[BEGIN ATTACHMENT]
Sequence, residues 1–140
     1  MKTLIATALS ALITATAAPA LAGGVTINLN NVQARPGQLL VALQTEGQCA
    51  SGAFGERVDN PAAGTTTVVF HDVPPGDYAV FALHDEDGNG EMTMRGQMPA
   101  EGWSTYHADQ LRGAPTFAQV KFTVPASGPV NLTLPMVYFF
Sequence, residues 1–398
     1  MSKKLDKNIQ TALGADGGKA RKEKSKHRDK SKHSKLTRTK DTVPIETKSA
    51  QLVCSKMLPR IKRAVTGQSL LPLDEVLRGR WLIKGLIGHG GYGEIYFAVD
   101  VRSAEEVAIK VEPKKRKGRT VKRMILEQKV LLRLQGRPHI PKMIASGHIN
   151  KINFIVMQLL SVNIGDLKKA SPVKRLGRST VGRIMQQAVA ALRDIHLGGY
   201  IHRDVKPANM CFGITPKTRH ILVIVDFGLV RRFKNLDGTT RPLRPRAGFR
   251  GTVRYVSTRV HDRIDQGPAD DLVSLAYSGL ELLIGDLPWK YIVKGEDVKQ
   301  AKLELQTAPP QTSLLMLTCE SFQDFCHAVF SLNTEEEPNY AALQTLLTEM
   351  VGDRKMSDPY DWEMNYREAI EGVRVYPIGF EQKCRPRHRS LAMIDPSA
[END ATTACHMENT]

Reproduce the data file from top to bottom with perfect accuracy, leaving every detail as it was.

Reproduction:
Sequence, residues 1–140
     1  MKTLIATALS ALITATAAPA LAGGVTINLN NVQARPGQLL VALQTEGQCA
    51  SGAFGERVDN PAAGTTTVVF HDVPPGDYAV FALHDEDGNG EMTMRGQMPA
   101  EGWSTYHADQ LRGAPTFAQV KFTVPASGPV NLTLPMVYFF
Sequence, residues 1–398
     1  MSKKLDKNIQ TALGADGGKA RKEKSKHRDK SKHSKLTRTK DTVPIETKSA
    51  QLVCSKMLPR IKRAVTGQSL LPLDEVLRGR WLIKGLIGHG GYGEIYFAVD
   101  VRSAEEVAIK VEPKKRKGRT VKRMILEQKV LLRLQGRPHI PKMIASGHIN
   151  KINFIVMQLL SVNIGDLKKA SPVKRLGRST VGRIMQQAVA ALRDIHLGGY
   201  IHRDVKPANM CFGITPKTRH ILVIVDFGLV RRFKNLDGTT RPLRPRAGFR
   251  GTVRYVSTRV HDRIDQGPAD DLVSLAYSGL ELLIGDLPWK YIVKGEDVKQ
   301  AKLELQTAPP QTSLLMLTCE SFQDFCHAVF SLNTEEEPNY AALQTLLTEM
   351  VGDRKMSDPY DWEMNYREAI EGVRVYPIGF EQKCRPRHRS LAMIDPSA